And of course, Berninger’s lyrics are embedded in the sumptuous arrangements of his bandmates: the brothers Aaron and Bryce Dessner and the brothers Scott and Bryan Devendorf. From the haunting, chill-inducing opener “Terrible Love” right on through the clunkily-named (but still beautiful) “Vanderlyle Crybaby Geeks”, the Dessners and Devendorfs lay down the most solid of foundations for Berninger’s observations about love, drugs (“I don’t have the drugs to sort it out,” he sings on “Afraid of Anyone”), and general working-guy angst/paranoia in 21st century America (“I still owe money/ to the money I owe”). It’s been widely reported that the band argued a lot while recording and mixing this album but the end result is… hell, let’s just say it: High Violet is gorgeous, lyrically and melodically, and it’s the best National album yet, which is saying something.
Previous National albums have required time to grow on me but High Violet, from the opening strains of “Terrible Love”, made me sit the fuck still and listen. It has grabbed hold of me and it will not let go – not that I want it to. I figured to love this album, but the extent is a little unnerving. I almost can’t stop listening to it long enough to tell you how great it is. As I’ve been drafting this post, I’ve found myself frequently pausing just to listen to the music; the way the horns swell and sink again on “Runaway,” (one of Berninger’s best-ever vocal performances. When he sings, “We got another thing coming undone,” it just about breaks me in half) the subtle harmonies on “Afraid of Anyone,” and the second time through, I caught that “Conversation 16” sees Berninger supposing he’s a zombie (“I was afraid I’d eat your brains/ because I’m evil”). And don’t even get me started on the end of “England.” Holy shit.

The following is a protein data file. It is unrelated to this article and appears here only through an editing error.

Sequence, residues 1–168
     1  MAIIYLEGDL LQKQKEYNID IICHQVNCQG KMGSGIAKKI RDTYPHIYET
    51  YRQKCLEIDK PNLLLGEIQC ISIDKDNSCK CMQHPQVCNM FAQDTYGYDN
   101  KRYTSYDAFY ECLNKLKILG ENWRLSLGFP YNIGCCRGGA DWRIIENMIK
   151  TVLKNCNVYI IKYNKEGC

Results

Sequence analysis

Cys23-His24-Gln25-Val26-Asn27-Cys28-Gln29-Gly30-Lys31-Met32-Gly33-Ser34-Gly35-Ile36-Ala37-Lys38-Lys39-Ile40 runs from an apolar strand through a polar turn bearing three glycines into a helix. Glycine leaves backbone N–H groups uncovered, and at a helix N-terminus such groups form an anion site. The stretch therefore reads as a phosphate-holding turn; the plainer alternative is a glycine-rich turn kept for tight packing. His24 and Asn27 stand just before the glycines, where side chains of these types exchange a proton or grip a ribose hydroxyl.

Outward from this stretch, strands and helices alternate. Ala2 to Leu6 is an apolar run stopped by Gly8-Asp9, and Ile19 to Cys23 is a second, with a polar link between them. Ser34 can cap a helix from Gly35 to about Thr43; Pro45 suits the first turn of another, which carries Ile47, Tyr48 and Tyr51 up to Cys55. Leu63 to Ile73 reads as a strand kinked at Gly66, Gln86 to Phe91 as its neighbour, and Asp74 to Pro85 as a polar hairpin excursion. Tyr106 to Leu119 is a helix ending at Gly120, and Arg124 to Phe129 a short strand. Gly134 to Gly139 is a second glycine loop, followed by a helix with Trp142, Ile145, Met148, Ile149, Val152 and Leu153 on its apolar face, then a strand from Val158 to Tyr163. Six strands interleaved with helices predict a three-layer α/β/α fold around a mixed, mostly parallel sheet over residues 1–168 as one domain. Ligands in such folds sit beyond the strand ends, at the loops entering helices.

Wait just a goddamn minute. “Afraid of Anyone” is… is it? It is. It’s about being a fucking parent! Sonofabitch. “With my kid on my shoulders I try/ not to hurt anybody I like.” It’s totally about that protective paranoia that recent father Matt Berninger is feeling in public with his kid. If you’ve read Bollocks! or talked to me about music for more than two minutes, you know that there’s one thing I know is true: if you write a song about your kid(s), that song will suck and, most likely, your band will start to suck. It’s like invoking an ancient curse upon your own face by the rock gods (if you really wanna hold up “Tears in Heaven” as the exception that proves the rule you can do that. But I sentence you to listen to everything Clapton did after that without vomiting. You can’t do it. So shut up). Tom Waits did one on Orphans called “Take Care of All of My Children,” but that was a cover of an old gospel tune. He didn’t write it about his kids. But Berninger seems to be talking about his child on “Afraid of Anyone.” And he wrote the song. So hear me, ye skeptics, and know I speak the truth: High Violet is so awesome, so skull-numbingly brilliant, that not only could Matt Berninger put a song on there about his kid without ruining the album, but that song itself is also awesome.
The National has just blown my fucking mind.